Yahoo Execs Scolded in Case of Jailed Dissident
November 8, 2007 9:19 AM
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Yahoo CEO Jerry Yang speaks in front of the parents of a jailed journalist
Yahoo executives again receive abuse over the company's role in Chinese politics
Two Yahoo officials yesterday went to Capitol Hill to defend Yahoo's actions regarding the jailing of Shi Tao, a Chinese journalist accused of leaking state secrets. Tao is currently serving a 10-year prison sentence stemming from pro-democracy efforts that landed him in hot water.
Republicans and Democrats
grilled Yahoo CEO Jerry Yang
and Yahoo general counsel Michael Callahan during the three-hour session over Yahoo's actions in China.
"While technologically and financially you are giants, morally you are Pygmies," said Rep. Tom Lantos, House Foreign Affairs Committee chairman.
With Tao's family sitting in attendance, Yang apologized to the family and the committee, while promising to help try and get Tao released from prison. The wife of imprisoned Chinese dissident Wang Xiaoning, was also present to speak during the hearing yesterday.
Tao was arrested and placed in jail after Yahoo China voluntarily turned over information to the government three years ago. Wang Xiaoning used a Yahoo account in 2002 to "advocate open elections" in China, which led to an eventual prison sentence.
"I am very happy that I saw and I heard the chairman of the Foreign Affairs Committee and other congressmen
criticize and condemn Yahoo
for having lied to the Congress," said Gao Qinsheng, Tao's mother.
As Yahoo, Google and other search engine companies try to tap into the booming Chinese Internet market, they've had to agree to censorship and other rules that would likely be impossible in the United States. For example, Yahoo was strongly criticized last spring after turning over Internet records to the Chinese government -- which led to imprisonment and torture.
Yahoo is now working on different methods to ensure user data does not end up in the hands of repressive regimes in other nations.
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11/10/2007 5:27:20 AM
There's a difference between understanding that a country can set its own laws and agreeing with them. In the case of the Affirmative Action march suppressions, those were clearly wrong, but that didn't give another country the right to threaten military action against us or to tell its citizens to ignore our laws when they're here.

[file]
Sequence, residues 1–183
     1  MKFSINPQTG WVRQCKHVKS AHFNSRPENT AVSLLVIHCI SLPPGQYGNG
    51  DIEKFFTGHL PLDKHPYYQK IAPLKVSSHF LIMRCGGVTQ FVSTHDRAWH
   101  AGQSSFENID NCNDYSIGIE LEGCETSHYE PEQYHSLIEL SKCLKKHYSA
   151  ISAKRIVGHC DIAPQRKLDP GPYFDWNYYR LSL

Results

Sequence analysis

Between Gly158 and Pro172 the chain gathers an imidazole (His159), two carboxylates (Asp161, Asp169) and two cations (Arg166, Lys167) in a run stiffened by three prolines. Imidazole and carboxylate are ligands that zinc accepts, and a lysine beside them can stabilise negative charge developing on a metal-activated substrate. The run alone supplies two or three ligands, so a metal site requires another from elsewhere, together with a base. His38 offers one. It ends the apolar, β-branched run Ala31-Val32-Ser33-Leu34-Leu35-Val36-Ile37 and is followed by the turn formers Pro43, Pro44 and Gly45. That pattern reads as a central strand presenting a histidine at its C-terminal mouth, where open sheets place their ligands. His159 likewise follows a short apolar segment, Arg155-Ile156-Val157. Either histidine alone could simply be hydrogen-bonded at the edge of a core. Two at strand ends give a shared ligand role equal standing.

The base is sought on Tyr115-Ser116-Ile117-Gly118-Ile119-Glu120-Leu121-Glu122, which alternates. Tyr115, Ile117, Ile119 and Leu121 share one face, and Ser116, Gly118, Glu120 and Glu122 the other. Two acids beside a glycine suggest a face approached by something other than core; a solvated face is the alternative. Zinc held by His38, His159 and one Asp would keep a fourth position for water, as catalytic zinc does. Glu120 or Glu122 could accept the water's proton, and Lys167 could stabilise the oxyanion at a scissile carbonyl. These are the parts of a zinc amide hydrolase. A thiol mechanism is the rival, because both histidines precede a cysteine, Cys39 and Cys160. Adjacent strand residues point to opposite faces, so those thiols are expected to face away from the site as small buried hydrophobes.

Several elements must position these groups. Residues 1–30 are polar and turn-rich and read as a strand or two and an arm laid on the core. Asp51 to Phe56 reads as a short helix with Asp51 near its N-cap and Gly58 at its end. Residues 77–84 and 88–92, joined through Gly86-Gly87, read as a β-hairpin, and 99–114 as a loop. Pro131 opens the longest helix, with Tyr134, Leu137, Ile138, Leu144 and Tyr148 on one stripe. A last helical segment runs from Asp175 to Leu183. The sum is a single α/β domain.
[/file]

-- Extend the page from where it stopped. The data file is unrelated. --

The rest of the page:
The proper mechanism for changing a country's behavior is through trade and diplomacy. So if a country has a law or takes an internal act you disagree with, don't give them money, or give money to political groups in the country who share your views. For example, apartheid was ended largely due to internal pressures that were assisted by economic pressure from sanctions, not by the US telling our corporations not to obey South African laws.
What we have here is a case of wanting it both ways: the US needs American companies to operate in China to take advantage of its economy. Yet politicians don't want to see those companies conform to laws they think are immoral. The solution is not to ignore the Rule of Law, as these congressmen seem to be arguing for, but to either pull out completely or bite the bullet and cooperate. (In light of America's economic dependency on trade with China, the latter is probably the only feasible choice.) The views they've expressed in this case are hypocritical and bad policy, which was the point of my original post.
And you probably consider yourself "liberal." Sounds reactionary to me...
No, I have never considered myself "liberal." Not even close. And I am not being "reactionary," just anti-inconsistency, which something our government is rife with.
"Google fired a shot heard 'round the world, and now a second American company has answered the call to defend the rights of the Chinese people." -- Rep. Christopher H. Smith (R-N.J.)
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